"What we find really helps and has become our tradition is that one person packs the car while the other gets the kids ready.  All we do is dress the kids in base layers and then we get breakfast at Tim Horton's on the way. I find it SO much faster and less frustrating because there's no time for the kids to start making messes or to take forever to eat etc."

Another ski mom, Sarah, says "I try to have everything packed so that all I have to do is put on whatever everyone is wearing in the car, grab the food bag from the fridge and leave. We lay out what we're wearing in piles. Depending on temps, we may store boots and helmets inside so they're not freezing when we arrive."

And Annika echos Sarah's words with:  "Stress free morning = prep food the night before and if possible pack up the car as much as possible. We now can wake up and get out the door after being up for only 30 minutes if we want with our two girls."


Our morning routine is always easy when we stay overnight on the ski hill

4. Try to get direct-to-lift passes for all family members


Getting a seasons pass with direct-to-lift access will always save time in the morning. If you have to buy lift tickets when you arrive you'll want to arrive extra-early to avoid long lift lines.

Calgary ski mom, Coleen, recommends getting a direct to lift Tiger Pass for kids 5 and under at RCR Resorts. The pass is $20 and allows you to skip the ticket booth each time you visit the ski hill. Otherwise, you'll have to stand in a long line to get the free kids pass.

Save time with direct-to-lift passes for the little ones (Photo: Emily Mcknight)



5. Be organized about how you handle the ski drop off process


My family's drop off system looks like this: My husband pulls into the 10 minute loading area and we take all gear, boots, helmets, and clothing out of the car.

Hauling Gear into the Lodge (photo: Jennifer Walker)
We carry the skis and poles over to the nearest ski rack, put helmets on our heads, stuff everything else into a big duffel bag (including lunch,) and then I slowly start making my way over to the day lodge with our gear while my husband goes off to find parking. He meets us in the day lodge where we are getting dressed and starting to put on our boots.

Usually my husband carries his own ski boots back with him and brings his own helmet. When he arrives at the day lodge he moves our skis and poles closer to the hill before coming inside to meet us.

A lot of families will also tell you about how important it is to bring a sled if you have young children. You can pile gear and kids into the sled as you transport everything to the day lodge. While I've never chosen this method myself, I see a lot of families doing it at ski hills and it definitely makes things easier if you have a lot of gear to bring in from the vehicle.


Eventually you get on the hill and it's all worth it!

 6. Book ski lessons for the start of the day


My most relaxed ski days have always started with lessons. When my son was just learning to ski, we would arrive at the hill by 8:30am, focus on getting him to his class with his boots and skis on, and then take care of our own gear/skis. My husband would usually still try to get out the door in his own skis as soon as my son's class would start but I'd go grab a coffee, spend half an hour relaxing, and then slowly make my way out the door to get a couple runs in before the lessons ended.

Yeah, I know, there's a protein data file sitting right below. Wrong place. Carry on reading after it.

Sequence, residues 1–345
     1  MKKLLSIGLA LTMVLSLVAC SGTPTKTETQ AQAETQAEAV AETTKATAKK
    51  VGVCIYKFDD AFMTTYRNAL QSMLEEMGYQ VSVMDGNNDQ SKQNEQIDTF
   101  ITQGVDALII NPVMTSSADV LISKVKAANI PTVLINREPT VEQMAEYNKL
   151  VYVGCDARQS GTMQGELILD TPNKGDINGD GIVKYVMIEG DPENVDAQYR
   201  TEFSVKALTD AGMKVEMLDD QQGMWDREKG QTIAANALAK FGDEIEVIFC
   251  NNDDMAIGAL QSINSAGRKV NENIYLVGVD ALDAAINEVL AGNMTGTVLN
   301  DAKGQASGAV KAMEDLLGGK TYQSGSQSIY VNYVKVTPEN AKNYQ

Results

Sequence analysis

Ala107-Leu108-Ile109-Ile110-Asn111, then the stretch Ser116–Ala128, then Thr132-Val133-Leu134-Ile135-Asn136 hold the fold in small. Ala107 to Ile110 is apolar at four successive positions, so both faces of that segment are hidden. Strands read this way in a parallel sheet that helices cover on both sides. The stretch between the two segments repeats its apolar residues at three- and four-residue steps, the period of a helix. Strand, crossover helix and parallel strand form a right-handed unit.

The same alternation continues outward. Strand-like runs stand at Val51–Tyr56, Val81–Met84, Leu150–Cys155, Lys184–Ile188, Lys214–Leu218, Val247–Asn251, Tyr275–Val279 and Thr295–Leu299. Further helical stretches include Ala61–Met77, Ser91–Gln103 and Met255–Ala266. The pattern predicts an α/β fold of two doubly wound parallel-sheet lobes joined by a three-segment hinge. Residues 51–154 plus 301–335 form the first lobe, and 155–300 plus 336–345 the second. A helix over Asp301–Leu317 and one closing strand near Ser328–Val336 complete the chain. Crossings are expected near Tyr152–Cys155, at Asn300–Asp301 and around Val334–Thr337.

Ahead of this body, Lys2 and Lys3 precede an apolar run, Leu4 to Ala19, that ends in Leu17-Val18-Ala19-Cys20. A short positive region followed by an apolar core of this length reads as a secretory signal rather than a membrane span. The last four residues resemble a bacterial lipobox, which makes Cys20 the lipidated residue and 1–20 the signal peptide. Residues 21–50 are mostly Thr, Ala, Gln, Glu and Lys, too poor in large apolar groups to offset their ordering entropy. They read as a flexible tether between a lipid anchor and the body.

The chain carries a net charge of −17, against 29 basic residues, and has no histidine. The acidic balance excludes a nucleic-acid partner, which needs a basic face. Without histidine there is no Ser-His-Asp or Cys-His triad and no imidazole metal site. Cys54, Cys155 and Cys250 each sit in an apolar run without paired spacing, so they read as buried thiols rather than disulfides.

Starting the day off with ski school at Nakiska Ski Area


Organization


Organization is key if you're going to be a ski family and I love Emily's advice below.

"We keep all the extra clothes (snow pants, extra socks, hats, gloves, hot packs, etc in a roller bag we can bring into the lodge with us so once we have that in the car we are ready to go and we don't need to pack winter clothes for everyone. Also we keep a sled in our vehicle that we use for transporting skis  to lodge."

A photo of Lindy's gear room (photo: Lindy Bowler)
Like Emily, I also try to store as much gear as possible in my car, in the rafters of the garage, on storage shelves in the garage, or beside the garage door so that it's easy to leave the house quickly. Usually we can have the car packed and the family ready to go somewhere within half an hour if we're well organized. I also store all of our mittens, hats, buffs, and outdoor accessories in a large bag that sits beside the door. When we are going somewhere I just grab the bag and I know that everything is there ready for our outing.

Other parents echo the same advice on organization. Michael says he keeps all of his family's ski gear in Rubbermaid bins all in one place. He also keeps extra gloves and socks in there.

Lindy says she has a "gear room" in her basement with a bookshelf for ski boots, hooks for helmets, and a rod where they hang snow pants and jackets. "We put goggles, gloves, neck warmers in each helmet and hang up passes on a hook too."

Organization eventually gets you here - On the hill skiing!



Tips for Skiing with Kids of Different Ages


I've always had it easy because I only have one child so we just ski at his pace/ability and sometimes take turns doing family runs Vs. solo runs. And these days it's usually me doing the solo runs because I can't keep up anymore to my husband and son when they want to take off into the glades.

For those of you skiing with more than one child though, below are some tips that could be useful when dealing with different ages and abilities:

  • Plan a ski day or ski vacation with friends and extended family. The bigger the village or tribe, the more adults to divide up and ski with kids of different abilities.